If you don’t count the odd trip to Kohl’s to help the Spouse buy pants, I haven’t been in a retail clothing store in probably…15 years.* I’ve gotten so used to thrift stores as my primary source of clothing that it doesn’t even occur to me to look in retail stores, let alone lust after the clothing therein. Don’t get me wrong – when I first went off of retail cold turkey, it was hard to walk into a Target for some other shopping need and just pass by the clothing section. They had cuuuute stuff, and even on a tight budget I felt like some of it was affordable. (Isn’t that how people end up with overflowing shopping carts at Target? Their stuff is all affordable – even $150 worth of it!) I had to learn to peel my eyes away from the racks and content myself with the occasional underwear or sock purchase (both items that are hard to find – at least hygienically – at thrift stores).
I still shop at Target (Tar-zhay, yes?) for laundry detergent, toilet paper, art supplies for my kid, etc. And while I now find some of the clothing on their racks to be in the fugly zone (cold shoulder tops – why? cheap lace in blah muted palettes that look like the 70s threw up – why?), they definitely have upped the chic factor with some of their newer brands. Evidence: see the Queer Eye episode where Tan France takes a dad on a budget to Target to spruce up his wardrobe. I generally still walk on past the clothing sections – mostly out of habit, but also out of the knowledge that it’s just easier not to have to talk myself out of something attractive.
But a few months ago a top just happened to catch my eye – it was the most gorgeous emerald green color, with gloriously large pink poppies scattered jauntily throughout. And lo and behold, it was a perfect match for my Light Summer color palette. (Yes, I tend to carry my color swatches around with me – you never know when the opportunity to thrift will present itself!) Instead of trying to justify a retail purchase (or two), I tried on both a top and a dress to see which size fit me, and mentally committed to tracking them down secondhand, once someone else had bought and then decided to resell them.
So I saved a few searches on eBay and checked in regularly with Poshmark. I kept seeing the longer-sleeved top show up, and both the tank and the dress in not-my-size; but after a few months the dress popped up in my size on eBay and I hit “buy now.”
Slightly less dorky pose:
It’s very… ladylike? I feel like I could be off to a garden party, or tea. The tie at the waist makes it look pulled together, while the collarless neck balances out the ruffled shoulders, keeping the froufy- to-chic ratio in check. And the whole thing, made out of nice-ish quality polyester, feels light and floaty in this hot weather. I am a fan.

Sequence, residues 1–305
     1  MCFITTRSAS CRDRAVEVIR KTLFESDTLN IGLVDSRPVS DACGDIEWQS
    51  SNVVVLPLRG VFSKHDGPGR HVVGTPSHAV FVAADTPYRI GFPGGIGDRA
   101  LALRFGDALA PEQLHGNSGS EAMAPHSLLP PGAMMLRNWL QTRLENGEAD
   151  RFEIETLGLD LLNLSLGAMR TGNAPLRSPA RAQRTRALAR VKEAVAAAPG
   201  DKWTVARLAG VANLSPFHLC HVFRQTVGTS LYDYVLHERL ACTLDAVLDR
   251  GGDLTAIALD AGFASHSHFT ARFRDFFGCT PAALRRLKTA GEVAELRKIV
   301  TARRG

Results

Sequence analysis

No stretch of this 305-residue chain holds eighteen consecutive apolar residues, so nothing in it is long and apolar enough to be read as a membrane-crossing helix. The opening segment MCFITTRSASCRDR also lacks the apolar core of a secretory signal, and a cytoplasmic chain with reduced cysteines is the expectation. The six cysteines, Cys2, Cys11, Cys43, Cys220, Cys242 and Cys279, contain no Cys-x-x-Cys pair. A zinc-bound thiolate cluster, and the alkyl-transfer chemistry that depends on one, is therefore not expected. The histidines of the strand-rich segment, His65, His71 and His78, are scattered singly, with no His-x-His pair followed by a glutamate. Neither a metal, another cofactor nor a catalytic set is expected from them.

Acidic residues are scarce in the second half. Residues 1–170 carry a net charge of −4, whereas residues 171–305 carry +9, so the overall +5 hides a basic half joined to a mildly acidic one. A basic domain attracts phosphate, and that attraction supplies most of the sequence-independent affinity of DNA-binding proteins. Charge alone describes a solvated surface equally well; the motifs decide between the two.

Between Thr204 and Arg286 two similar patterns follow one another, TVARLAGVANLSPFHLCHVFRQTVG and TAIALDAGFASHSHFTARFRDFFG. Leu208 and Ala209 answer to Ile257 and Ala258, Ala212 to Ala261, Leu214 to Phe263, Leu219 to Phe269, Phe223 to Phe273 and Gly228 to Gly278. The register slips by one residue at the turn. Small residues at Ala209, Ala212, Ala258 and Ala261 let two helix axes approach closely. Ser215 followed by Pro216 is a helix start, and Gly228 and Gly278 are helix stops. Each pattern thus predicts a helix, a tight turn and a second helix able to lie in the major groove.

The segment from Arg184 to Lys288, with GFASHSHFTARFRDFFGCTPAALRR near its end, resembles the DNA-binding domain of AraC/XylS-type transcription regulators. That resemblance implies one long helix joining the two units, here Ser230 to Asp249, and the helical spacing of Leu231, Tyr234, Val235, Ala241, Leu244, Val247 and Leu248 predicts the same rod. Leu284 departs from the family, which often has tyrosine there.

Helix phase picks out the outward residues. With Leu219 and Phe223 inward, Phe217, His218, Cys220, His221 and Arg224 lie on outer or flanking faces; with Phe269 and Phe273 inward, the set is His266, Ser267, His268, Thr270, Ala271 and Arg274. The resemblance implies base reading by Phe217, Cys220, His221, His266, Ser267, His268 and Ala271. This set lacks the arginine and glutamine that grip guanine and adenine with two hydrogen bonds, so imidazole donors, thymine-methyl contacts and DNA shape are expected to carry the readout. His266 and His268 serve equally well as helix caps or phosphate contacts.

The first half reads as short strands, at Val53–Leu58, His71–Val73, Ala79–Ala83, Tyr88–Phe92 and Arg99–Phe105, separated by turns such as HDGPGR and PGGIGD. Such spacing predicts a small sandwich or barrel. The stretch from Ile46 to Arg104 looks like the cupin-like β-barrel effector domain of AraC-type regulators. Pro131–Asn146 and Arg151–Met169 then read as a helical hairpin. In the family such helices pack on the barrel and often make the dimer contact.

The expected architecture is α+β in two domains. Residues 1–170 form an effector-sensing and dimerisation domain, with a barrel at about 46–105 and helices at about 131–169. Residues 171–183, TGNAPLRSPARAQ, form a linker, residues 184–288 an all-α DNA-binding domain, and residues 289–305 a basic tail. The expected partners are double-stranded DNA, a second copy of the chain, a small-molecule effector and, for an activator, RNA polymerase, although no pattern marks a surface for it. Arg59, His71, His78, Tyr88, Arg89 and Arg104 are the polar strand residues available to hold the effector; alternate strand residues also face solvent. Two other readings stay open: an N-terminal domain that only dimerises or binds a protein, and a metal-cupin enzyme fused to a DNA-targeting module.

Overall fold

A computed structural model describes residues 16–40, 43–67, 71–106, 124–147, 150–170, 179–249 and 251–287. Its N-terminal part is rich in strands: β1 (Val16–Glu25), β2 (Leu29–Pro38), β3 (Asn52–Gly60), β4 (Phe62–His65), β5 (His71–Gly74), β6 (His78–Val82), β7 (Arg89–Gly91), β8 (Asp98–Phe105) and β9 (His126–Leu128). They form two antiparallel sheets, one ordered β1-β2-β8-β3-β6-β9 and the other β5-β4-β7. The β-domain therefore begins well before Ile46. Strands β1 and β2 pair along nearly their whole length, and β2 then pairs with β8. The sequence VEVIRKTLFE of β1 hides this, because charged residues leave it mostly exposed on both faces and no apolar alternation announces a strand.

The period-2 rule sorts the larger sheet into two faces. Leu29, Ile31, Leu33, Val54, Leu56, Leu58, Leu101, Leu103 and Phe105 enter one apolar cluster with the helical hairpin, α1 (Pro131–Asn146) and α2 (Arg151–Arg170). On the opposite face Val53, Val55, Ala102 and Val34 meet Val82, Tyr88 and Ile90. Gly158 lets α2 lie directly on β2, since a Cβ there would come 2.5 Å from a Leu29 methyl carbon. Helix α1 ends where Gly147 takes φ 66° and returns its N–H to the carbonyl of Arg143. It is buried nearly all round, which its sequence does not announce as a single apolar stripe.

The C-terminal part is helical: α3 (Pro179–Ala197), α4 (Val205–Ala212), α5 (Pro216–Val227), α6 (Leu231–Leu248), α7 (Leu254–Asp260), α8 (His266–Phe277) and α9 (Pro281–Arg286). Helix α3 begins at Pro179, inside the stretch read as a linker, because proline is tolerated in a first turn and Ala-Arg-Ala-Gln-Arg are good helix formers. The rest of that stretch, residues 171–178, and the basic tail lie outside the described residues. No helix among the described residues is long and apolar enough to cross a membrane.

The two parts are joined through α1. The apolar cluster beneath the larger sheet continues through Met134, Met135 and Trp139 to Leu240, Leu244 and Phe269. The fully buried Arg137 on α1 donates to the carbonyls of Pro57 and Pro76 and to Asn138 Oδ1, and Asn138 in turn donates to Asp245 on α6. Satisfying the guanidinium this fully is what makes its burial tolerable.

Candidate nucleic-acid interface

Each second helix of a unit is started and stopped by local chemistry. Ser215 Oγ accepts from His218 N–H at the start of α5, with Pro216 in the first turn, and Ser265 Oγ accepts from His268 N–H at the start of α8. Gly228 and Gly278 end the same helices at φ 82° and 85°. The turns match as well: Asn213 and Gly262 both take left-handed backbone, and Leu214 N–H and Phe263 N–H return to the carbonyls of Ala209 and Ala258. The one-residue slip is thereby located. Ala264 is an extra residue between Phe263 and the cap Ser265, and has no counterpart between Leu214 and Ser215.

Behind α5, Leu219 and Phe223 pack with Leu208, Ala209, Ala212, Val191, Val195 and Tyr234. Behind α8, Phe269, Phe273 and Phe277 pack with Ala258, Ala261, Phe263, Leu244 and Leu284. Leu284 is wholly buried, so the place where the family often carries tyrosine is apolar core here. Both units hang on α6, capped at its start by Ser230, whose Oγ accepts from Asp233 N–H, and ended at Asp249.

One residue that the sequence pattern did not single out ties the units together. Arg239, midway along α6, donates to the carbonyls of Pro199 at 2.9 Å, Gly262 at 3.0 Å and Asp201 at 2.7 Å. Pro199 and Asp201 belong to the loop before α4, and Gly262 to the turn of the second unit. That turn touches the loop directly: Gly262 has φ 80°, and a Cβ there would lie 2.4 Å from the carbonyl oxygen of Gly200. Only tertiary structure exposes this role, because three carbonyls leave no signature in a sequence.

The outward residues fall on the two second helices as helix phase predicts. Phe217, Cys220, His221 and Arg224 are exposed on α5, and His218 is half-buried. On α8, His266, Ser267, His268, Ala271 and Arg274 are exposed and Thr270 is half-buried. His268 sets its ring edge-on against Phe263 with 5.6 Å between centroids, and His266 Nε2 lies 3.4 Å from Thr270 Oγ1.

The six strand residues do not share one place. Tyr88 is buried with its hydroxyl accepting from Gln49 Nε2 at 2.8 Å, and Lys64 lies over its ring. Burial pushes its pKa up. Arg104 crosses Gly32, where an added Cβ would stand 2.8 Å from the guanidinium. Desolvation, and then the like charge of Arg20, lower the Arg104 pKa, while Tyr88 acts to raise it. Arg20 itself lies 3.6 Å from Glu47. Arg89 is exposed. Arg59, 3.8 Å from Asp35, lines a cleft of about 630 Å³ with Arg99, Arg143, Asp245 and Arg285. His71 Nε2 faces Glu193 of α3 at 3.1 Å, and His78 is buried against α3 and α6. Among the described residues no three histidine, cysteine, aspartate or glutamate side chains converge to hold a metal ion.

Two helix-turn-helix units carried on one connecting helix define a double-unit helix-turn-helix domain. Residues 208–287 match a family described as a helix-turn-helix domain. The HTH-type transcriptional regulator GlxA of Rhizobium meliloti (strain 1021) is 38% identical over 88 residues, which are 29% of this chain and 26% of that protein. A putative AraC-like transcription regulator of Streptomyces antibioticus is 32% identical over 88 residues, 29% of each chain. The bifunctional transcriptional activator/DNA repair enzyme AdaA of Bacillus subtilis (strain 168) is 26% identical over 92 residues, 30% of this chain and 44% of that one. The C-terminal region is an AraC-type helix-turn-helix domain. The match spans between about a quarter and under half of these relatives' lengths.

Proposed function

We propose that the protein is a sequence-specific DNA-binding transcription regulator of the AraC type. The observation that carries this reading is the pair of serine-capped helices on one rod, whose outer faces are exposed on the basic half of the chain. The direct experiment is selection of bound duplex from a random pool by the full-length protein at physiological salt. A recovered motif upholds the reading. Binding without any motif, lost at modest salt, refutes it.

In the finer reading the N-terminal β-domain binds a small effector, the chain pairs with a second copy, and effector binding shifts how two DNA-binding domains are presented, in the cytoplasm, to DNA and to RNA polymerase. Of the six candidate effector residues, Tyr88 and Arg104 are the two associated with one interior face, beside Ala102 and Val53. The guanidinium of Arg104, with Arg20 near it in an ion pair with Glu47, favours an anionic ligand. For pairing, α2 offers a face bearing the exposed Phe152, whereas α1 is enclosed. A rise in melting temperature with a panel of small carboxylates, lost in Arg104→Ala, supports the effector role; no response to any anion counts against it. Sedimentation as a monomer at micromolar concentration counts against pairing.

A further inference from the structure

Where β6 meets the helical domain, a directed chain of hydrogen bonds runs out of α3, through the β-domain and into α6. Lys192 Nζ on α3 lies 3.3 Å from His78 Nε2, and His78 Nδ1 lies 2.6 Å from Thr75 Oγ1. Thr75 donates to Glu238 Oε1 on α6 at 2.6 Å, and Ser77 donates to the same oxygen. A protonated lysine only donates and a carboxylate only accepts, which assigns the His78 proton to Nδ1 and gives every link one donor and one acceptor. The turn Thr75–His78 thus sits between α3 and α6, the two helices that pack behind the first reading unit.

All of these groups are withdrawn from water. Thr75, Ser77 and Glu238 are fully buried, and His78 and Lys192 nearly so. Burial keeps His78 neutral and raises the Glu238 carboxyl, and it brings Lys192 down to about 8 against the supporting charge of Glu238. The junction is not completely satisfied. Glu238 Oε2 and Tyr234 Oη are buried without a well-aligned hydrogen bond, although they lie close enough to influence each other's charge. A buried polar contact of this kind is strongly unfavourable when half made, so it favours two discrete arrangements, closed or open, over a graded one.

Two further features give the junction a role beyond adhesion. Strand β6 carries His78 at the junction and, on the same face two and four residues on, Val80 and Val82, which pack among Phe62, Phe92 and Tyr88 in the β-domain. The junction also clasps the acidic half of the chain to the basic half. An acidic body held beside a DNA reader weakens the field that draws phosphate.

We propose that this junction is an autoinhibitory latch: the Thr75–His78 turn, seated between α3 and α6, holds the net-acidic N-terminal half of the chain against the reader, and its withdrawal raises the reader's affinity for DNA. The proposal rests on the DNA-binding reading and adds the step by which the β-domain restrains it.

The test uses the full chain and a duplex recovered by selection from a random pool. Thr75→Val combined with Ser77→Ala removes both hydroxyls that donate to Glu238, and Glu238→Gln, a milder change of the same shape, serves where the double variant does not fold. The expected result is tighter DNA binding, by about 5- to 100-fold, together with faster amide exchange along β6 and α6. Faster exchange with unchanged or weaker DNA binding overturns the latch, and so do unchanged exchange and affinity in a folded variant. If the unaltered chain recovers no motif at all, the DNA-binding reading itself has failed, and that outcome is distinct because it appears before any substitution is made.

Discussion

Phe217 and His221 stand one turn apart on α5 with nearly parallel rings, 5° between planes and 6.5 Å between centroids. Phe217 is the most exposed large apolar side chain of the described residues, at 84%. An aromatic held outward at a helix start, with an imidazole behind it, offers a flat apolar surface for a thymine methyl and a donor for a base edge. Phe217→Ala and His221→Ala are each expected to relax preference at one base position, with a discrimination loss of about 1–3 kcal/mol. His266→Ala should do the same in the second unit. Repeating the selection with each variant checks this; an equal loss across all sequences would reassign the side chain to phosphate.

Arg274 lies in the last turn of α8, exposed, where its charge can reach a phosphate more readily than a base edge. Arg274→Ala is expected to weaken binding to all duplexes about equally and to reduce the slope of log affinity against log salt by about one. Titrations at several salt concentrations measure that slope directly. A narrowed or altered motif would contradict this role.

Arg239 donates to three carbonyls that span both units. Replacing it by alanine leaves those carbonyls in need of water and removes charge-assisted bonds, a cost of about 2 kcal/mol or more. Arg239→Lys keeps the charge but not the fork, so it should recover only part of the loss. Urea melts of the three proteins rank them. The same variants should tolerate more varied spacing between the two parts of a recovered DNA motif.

I’m still on the hunt for the longline tank, as it will go great with white or pink bottoms and look fab under my white blazer when it starts to cool down a bit. This is it from the back (yes this comes in a skirt, too, but as I haven’t (yet) gotten on the midi skirt wagon I feel safe saying no to that part):
So here’s what I’ve been chewing on with all of this spotting-a-retail-find-then-stalking-it-online business:
Is it really that different from buying something retail?
I was sort of shocked by how quickly items from this collection turned up in secondhand online sites – maybe just a few weeks after I saw them in store? – with “brand new” or “worn once” on the listings.
(I don’t quite get it – why did the original purchaser (OP) not just return the item if it was still for sale in stores? Had this collection already been marked down and OP figured they’d get more money by selling online? Did they not live near a Target, ordered online, and then not want to pay return shipping – or maybe Target doesn’t take online returns? Or was the OP just really honest and, after having worn it out once but not loving it, they didn’t feel they could rightly return it to the store? Anyone out there who’s done a quick turnaround, retail-to-online secondhand please enlighten us!)
Whatever the case, buying something that fresh from the retail racks, for almost retail price (once you pay shipping), and calling it “thrifting” feels a little disingenuous.
I suppose it would help if I knew the piece I was buying had had a nice long life with someone else first – although in a sense I’m still saving it from a landfill or from sitting unworn in the back of someone’s closet for years. After all, plenty of people who decide to make the transition to a slimmed-down wardrobe give away brand-new-with-tags items and I definitely want reselling to be a more attractive option than dumping them.
But if I can go buy fast fashion at a big box store and turn right around and sell it for (almost) as much as I paid for it, doesn’t that just fuel the fast fashion cycle – the sense that I can continue to buy clothing I don’t really love or won’t really wear because I know there’s enough of a market for it to keep me in the habit? (You could probably make the argument that any online secondhand shopping, where the OP gets paid instead of merely receiving a tax-deductible receipt, fuels this cycle.)